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History Chapter 2, and 3
Terms in this set (70)
6,000 BCE worlds first urban civilization. Agrarian civilization. Located in Mesopotamia between Tigris and Euphrates Rivers.
• created first large cities
• developed monumental buildings
• first with system of writing.
• invented wheel.
• first to build irrigation system powered by gravity
• first to use plow
• among first to make bronze tools, and weapons.
• among first the develop short and long distance trade.
• A family of languages spoken in neighboring tribes, BUT NOT SPOKEN BY SUMERIANS.
• Hebrew, Arabic, and Aramaic and certain ancient languages such as Phoenician and Akkadian, constituting the main subgroup of the Afro-Asiatic family.
Land between and surrounding Tigris and Euphrates Rivers. Stretched from Mediterranean Sea to Persian Gulf. Modern day Turkey and Iraq, Iran, Syria.
Semitic invader who conquered fertile crescent plain in 2,300BCE.
• United the land between rivers.
• established the city of Akkad.
: a member of a community or tribe not belonging to one of the great civilizations (Greek, Roman, Christian).
• a greek word that means people who speak a different language.
• a supposedly inferior group.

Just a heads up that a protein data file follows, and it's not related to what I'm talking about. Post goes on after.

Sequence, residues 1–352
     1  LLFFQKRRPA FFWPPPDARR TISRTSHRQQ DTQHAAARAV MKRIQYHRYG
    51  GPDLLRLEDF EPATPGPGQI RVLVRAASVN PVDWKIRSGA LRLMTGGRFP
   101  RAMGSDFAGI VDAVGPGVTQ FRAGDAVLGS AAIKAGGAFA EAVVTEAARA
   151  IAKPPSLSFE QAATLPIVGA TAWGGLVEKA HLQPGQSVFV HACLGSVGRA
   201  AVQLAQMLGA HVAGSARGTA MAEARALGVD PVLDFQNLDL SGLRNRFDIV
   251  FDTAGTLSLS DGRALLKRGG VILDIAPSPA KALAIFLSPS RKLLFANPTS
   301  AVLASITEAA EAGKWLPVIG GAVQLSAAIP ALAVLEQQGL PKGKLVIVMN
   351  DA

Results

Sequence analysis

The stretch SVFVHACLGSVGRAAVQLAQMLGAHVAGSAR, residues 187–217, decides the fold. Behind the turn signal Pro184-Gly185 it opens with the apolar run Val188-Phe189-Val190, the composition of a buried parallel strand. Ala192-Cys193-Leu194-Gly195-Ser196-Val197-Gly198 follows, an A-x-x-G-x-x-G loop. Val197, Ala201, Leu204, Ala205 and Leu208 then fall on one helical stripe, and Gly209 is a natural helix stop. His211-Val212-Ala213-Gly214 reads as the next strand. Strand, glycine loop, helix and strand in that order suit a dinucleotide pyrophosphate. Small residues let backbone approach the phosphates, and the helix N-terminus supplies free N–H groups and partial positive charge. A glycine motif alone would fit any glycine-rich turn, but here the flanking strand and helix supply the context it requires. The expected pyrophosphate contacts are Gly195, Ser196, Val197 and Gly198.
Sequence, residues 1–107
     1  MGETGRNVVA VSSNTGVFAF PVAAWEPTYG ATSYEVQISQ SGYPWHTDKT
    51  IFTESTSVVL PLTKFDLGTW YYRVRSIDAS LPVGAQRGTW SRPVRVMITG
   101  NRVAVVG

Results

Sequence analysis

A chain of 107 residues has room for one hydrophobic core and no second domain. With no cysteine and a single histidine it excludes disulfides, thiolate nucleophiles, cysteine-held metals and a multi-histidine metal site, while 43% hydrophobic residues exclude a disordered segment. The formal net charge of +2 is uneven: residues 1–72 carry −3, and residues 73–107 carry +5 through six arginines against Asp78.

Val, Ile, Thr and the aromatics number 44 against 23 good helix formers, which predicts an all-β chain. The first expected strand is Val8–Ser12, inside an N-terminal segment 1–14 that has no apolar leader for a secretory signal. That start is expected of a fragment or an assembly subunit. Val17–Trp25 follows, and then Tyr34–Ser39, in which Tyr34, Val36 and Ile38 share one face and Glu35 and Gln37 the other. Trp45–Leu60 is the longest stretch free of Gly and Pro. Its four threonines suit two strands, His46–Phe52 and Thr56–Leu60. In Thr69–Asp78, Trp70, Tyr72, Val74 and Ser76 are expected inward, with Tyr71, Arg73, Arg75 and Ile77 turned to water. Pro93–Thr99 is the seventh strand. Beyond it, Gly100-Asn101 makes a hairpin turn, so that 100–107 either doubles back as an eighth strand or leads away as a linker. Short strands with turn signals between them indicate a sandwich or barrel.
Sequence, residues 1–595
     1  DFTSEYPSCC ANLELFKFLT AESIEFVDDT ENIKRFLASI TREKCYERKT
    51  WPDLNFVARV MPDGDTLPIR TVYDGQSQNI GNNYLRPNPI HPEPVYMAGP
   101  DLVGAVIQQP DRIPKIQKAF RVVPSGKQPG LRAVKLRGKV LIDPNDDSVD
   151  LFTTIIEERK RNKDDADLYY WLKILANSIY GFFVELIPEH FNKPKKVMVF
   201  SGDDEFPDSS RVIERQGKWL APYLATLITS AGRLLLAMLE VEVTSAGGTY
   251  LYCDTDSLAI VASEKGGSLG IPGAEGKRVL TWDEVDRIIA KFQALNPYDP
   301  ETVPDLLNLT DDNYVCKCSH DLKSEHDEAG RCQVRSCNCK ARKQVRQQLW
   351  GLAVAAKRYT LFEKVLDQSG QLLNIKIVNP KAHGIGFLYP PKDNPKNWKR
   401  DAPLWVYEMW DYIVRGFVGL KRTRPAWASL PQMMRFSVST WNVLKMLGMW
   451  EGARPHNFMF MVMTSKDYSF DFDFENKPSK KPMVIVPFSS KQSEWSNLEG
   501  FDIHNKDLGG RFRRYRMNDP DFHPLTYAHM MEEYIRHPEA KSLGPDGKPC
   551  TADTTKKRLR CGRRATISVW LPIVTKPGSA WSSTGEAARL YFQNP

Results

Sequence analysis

• Founded by Sargon the Great.
• United land between rivers. (Tigris and Euphrates)
• lasted 100 years
• great influencers of culture in Mesopotamia.
• Neighbors and rivals to Sumerians
First sophisticated writing system invented by the Sumerians.
The Behistun Inscription is a multilingual inscription and large rock relief on a cliff at Mount Behistun in the Kermanshah Province of Iran, near the city of Kermanshah in western Iran. It was crucial to the decipherment of cuneiform script.
: writing derived from a simplified picture.
: a form of writing which uses representational, pictorial drawings, similarly to cuneiform and, to some extent, hieroglyphic writing, which also uses drawings as phonetic letters or determinative rhymes.
Epic of Gilgamesh (also consider Flood story)
• earliest fiction accounts